Anyone watching short rates plunge on Wednesday and Thursday had to scratch their head and wonder why equities weren’t tanking. That is, until Friday–when they did.

Nothing in this blog should be considered investment, financial, tax, or legal advice. The opinions, estimates and projections contained herein are subject to change without notice. Information throughout this blog has been obtained from sources believed to be accurate and reliable, but such accuracy cannot be guaranteed.

If a shoe falls in the woods, and no one is around to hear it, does it make a sound?

In an earlier post, I brought up what could knock down credit markets. One issue was the availability of credit, which has been the subject of much pain and anguish, recently. The other two issues were interest rates and employment.

In the news today, the employment report for the month of August looked dreadful. For the first time in 4 years (when we were stumbling out of the last recession), payrolls tracked by the Labor Department shrank instead of climbing.

Could this be the result of financial service firms laying off workers in an attempt to adapt to current credit conditions? Could these laid off workers then have trouble making their home payments, thus promoting the negative spiral of home price declines, credit defaults, financial market troubles, and more layoffs?

I certainly think so. In fact, I believe this is the beginning of the other shoe dropping. I also believe the Fed will react as it always does, by lowering interest rates in an attempt to “jump-start” the economy.

This will, in time, lead to higher interest rates on longer dated bonds as foreigners demand higher rates to compensate for the dropping dollar. The dollar will drop further as more and more market participants realize the Fed will lower interest rates by printing more dollars (in other words, creating inflation).

How bad will this get? I don’t know, but lower employment and higher interest rates will make current housing problems look tame by comparison.

It’s a good time to avoid companies with lots of debt. It’s a good time to avoid investments related to the housing market or its financing (although a bit late).

More importantly, it’s a good time to be invested in securities that will benefit from this fallout. It’s a good time to have some cash that can be invested as the market goes down.

If inflation is a concern, it’s a good time to consider investing in tangible things (other than real estate) that are hedges against inflation. It’s not a bad time to consider foreign investments that may be hedges against inflation, too.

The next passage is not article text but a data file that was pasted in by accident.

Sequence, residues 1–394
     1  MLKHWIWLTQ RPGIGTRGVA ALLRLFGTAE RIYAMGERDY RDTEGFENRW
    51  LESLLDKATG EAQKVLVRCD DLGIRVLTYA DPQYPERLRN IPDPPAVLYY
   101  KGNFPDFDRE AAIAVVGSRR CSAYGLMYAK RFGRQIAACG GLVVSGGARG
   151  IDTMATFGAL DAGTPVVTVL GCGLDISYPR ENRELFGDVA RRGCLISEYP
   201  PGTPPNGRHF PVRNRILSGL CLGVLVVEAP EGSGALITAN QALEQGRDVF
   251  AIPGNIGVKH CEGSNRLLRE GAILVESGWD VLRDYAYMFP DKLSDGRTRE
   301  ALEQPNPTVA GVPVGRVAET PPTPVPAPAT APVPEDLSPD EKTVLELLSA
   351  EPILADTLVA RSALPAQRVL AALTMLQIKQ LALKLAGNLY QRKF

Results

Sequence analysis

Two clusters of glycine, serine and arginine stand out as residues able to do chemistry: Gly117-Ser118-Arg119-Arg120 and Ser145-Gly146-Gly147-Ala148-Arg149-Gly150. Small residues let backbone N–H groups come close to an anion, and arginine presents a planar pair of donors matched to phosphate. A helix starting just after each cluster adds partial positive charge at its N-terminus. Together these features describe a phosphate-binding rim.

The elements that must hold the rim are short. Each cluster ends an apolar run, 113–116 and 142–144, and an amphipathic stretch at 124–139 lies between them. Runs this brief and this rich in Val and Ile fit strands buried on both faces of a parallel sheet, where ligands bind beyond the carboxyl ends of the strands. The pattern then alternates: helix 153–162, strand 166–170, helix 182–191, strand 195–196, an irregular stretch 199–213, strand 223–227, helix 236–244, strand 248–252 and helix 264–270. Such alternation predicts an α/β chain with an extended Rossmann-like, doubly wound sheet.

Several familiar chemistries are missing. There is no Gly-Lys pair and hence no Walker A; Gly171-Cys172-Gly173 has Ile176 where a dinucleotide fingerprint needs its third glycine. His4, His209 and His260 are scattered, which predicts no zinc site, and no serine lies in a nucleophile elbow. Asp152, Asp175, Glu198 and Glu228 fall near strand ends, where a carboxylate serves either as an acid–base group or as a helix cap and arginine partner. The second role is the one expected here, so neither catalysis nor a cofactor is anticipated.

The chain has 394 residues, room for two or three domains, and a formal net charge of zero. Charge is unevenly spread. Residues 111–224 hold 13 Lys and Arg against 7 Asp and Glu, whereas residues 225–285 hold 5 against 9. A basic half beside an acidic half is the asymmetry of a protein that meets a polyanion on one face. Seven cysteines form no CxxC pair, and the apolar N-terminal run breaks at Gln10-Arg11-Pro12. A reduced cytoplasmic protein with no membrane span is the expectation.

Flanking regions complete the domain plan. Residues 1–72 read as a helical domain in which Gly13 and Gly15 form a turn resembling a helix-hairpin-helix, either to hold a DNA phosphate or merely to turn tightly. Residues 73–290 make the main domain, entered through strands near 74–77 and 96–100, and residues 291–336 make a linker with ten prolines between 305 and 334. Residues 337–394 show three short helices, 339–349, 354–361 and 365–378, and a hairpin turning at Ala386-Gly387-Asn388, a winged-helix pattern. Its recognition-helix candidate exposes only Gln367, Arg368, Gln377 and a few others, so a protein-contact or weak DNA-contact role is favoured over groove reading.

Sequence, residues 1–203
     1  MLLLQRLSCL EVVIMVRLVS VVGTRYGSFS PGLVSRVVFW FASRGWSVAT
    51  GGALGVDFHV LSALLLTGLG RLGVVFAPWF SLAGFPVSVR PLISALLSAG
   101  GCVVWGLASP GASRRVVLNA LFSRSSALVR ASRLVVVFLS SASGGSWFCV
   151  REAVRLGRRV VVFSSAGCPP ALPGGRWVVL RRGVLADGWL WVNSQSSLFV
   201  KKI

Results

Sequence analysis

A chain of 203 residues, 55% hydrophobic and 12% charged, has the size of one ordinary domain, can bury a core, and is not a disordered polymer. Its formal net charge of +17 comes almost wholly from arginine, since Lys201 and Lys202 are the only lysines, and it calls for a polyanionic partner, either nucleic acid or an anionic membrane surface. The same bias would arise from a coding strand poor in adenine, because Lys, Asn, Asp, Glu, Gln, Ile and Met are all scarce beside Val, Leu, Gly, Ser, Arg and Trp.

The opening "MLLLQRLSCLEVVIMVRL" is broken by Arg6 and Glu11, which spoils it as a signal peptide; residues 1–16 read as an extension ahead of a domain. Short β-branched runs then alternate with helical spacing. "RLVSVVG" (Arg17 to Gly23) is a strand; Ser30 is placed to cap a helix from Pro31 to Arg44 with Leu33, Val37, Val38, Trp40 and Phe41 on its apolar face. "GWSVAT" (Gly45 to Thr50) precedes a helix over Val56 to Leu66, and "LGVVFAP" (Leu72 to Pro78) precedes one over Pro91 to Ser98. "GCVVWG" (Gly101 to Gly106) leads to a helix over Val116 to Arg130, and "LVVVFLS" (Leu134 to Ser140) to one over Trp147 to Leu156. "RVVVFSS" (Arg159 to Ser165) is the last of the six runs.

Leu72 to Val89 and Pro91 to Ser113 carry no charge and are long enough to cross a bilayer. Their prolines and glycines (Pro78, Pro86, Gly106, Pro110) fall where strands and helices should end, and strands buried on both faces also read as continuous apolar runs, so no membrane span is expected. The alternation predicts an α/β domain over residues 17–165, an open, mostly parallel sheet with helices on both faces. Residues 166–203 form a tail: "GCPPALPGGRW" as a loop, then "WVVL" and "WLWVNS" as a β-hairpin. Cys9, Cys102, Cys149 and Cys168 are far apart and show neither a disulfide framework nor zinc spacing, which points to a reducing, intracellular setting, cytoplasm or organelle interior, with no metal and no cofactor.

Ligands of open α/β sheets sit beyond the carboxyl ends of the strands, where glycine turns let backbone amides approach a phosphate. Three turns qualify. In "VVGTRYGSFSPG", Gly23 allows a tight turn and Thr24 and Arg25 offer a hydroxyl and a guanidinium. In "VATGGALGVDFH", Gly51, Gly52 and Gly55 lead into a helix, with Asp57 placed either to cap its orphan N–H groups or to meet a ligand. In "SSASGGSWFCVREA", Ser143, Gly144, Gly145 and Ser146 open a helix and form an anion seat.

It’s also a great time to consider those companies that will fair best as we emerge from our credit market problems and into another growth up cycle.

Nothing in this blog should be considered investment, financial, tax, or legal advice. The opinions, estimates and projections contained herein are subject to change without notice. Information throughout this blog has been obtained from sources believed to be accurate and reliable, but such accuracy cannot be guaranteed.

Bill Gross’s Investment Outlook

Bill Gross is a legend in the investing industry. He doesn’t work, though, in the more glamorous equity side of investing. Instead, he is a bond market investor, and has one of the best long term records in the business.

Gross also happens to be an outstanding writer. I envy his ability to say a lot with few words, and to explain complex financial concepts with amusing analogies.

For these reasons, his monthly Investment Outlook is a must read for me. As usual, his Investment Outlook for this month didn’t disappoint.

Gross takes to task the mortgage market, how it has performed and will perform in the future. His conclusion is that the fallout is not over, and that we’re just looking at the tip of the mortgage iceberg.

He believes this is the case because many adjustable rate loans made over the last several years have yet to reset, and when they do, many more homeowners will punt their houses back to the market.

He also indicates that these problems will be felt in the Mortgage Backed Security (MBS) and Collaterlized Debt Obligation (CDO) markets. This, along with legislative action, will tighten credit and limit the number of people who can get new loans.

His conclusion is that the housing market will takes years to work through it’s problems (tougher credit, high inventories of homes for sale, anchoring by home sellers), and that the Federal Reserve may soon cut rates in an attempt to limit such problems now that inflation is looking less threatening (according to their narrow metrics).

Am I planning on acting on this advice? I can’t say I am. Unlike a bond market guru with institutional clients who demand short term performance, I don’t need to forecast interest rates or try to guess what the housing market will do. But, I find his thinking very provocative, and it reinforces my desire to stay far away from companies that deal intimately with the housing or mortgage market.